(2) As used in this definition, the term “any agricultural commodity” means horticultural products at risk of perishing, or degrading in quality, during transport by commercial motor vehicle, including plants, sod, flowers, shrubs, ornamentals, seedlings, live trees, and Christmas trees.

Click “Read More” below to see the full announcement in the U.S. Federal Register as well as instructions on how to submit public comments.

USDA Under Secretary Discusses Covid Impacts on Farms

Bill Northey, the USDA’s Under Secretary for Farm Production and Conservation visited TPI member Linda Bradley’s farm in Hendersonville, NC on October 20th, 2020. He was there to meet with sod, blackberry, and Christmas tree farmers to discuss the impacts of Covid-19 on farms and marketing channels. TPI was on-hand to to share with the Under Secretary many of the experiences that have been relayed by TPI members with regard to how Covid-19 has impacted their operations. On September 18th, the USDA announced an additional $14B in federal aid for farmers impacted by Covid-19, but as of the date of this event, sod farmers have been ineligible to apply for relief funds. TPI has been working directly with the USDA Farm Service Agency to get included in recent federal relief programs administered through the Coronavirus Food Assistance Program (CFAP2).

Also in attendance were state and county representatives form the NC offices of the USDA Farm Service Agency as well as the Executive Director from the NC Christmas Tree Growers Association and representatives from the NC blackberry industry.

Prior to leading the Farm Programs and Conservation Mission Area overseeing the Natural Resources Conservation Service, the Risk Management Agency and the Farm Service Agency, Mr. Northey served as the Iowa Secretary of Agriculture from 2006 to 2018. A fourth-generation farmer, Mr. Northey served as a commissioner of the Dickinson County Soil and Water Conservation District, and president and chairman of the National Corn Growers Association. He was also president of the National Association of State Departments of Agriculture from September 2011 through September 2012, while serving as Iowa Secretary of Agriculture.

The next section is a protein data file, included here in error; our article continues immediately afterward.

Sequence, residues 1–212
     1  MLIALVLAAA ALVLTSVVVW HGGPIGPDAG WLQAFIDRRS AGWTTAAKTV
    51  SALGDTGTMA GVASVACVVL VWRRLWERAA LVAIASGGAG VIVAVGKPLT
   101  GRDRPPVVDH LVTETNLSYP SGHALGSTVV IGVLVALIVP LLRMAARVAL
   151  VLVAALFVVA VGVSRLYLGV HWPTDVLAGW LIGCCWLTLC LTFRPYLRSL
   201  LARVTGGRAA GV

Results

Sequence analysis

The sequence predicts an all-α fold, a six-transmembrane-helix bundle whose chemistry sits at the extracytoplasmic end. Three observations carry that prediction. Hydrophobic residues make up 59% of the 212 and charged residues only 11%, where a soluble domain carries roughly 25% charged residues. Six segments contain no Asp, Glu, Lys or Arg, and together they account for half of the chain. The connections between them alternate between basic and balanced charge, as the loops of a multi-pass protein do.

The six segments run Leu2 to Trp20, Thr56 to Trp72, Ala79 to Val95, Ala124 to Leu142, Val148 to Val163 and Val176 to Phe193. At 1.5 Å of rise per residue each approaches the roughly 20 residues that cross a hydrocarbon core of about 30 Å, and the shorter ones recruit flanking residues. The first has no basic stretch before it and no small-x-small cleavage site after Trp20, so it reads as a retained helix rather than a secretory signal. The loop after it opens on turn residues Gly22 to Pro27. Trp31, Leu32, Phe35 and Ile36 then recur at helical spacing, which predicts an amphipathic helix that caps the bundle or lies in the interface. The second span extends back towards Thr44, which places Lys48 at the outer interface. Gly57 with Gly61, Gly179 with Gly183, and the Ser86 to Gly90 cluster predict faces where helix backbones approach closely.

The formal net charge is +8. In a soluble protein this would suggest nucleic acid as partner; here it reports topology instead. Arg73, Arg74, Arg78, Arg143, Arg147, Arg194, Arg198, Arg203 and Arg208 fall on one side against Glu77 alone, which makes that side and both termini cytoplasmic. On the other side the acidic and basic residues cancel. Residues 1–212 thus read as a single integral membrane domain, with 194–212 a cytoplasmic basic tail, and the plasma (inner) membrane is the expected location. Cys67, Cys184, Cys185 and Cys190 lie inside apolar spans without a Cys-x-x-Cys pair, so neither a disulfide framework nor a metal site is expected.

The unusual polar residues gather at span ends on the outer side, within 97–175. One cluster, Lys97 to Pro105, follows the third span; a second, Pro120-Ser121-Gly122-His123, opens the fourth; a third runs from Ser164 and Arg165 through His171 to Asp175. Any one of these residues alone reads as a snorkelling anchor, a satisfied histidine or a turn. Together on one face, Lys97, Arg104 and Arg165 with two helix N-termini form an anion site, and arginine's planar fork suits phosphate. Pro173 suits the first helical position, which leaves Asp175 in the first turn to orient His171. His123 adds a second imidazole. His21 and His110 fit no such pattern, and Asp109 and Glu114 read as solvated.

Mr. Northey has a bachelor’s degree in Agriculture Business from Iowa State University and an MBA from Southwest Minnesota State University.

USDA Farm Service Agency Request for Covid-19 Impacts on Natural Grass Sod Sales

The USDA Farm Service Agency has requested information from U.S. sod farms on the impacts of Covid-19 to their sales volume and prices during the period of January 15th to July 31st 2020. On September 18th, the USDA announced additional funds up to $14 billion that may be available to farmers who continue to face market disruptions and additional costs associated with Covid-19. These funds are administered through the Coronavirus Food Assistance Program (CFAP2) and TPI has been working with the USDA Farm Service Agency on this issue to determine if US natural grass sod farmers experienced a decrease in sales volume or sales price from January 15th to July 31st, 2020 compared to the same period in 2019.

If you are interested in this program, please submit your sales volume and pricing data during the period of January 15th to July 31st 2019 and 2020 to Georgi Gabrielyan at using the spreadsheet below titled “Covid-19 Impacts on Sod Sales” on or before Friday, October 16th.

Covid-19 Impacts on Sod Sales

Please reach out to Dr. Casey Reynolds at or 800-405-8873 for further information.

TPI Response to NFLPA Request for Grassing All NFL Fields

October 6th, 2020

ATTN: JC Tretter, NFLPA President

NFL Players Association

1133 20th St NW

Washington, DC 20036

CC: Team Owners, University and High School Athletic Directors, Sports Field Managers, Coaches, Athletes, Parents

SUBJECT: TPI Statement on NFLPA’s Statement on Field Safety

Dear President Tretter,

We commend you for your recent NFLPA President’s statement on September 30th, 2020 titled “Only Natural Grass Can Level the NFL’s Playing Field”. We too have been closely following recent research published in the American Journal of Sports Medicine in 2019 which demonstrates the increased rate of lower body injuries to NFL and NCAA athletes when playing on artificial turf. While we recognize the need for multi-purpose venues in some scenarios, it is important to challenge team owners, university athletic directors, and others with one fundamental question. Do we want our athletes playing in a concert venue, or do we want to host concerts and other events in an athletic venue? If the answer is the latter, then there is little doubt that natural grass is the safest proven choice.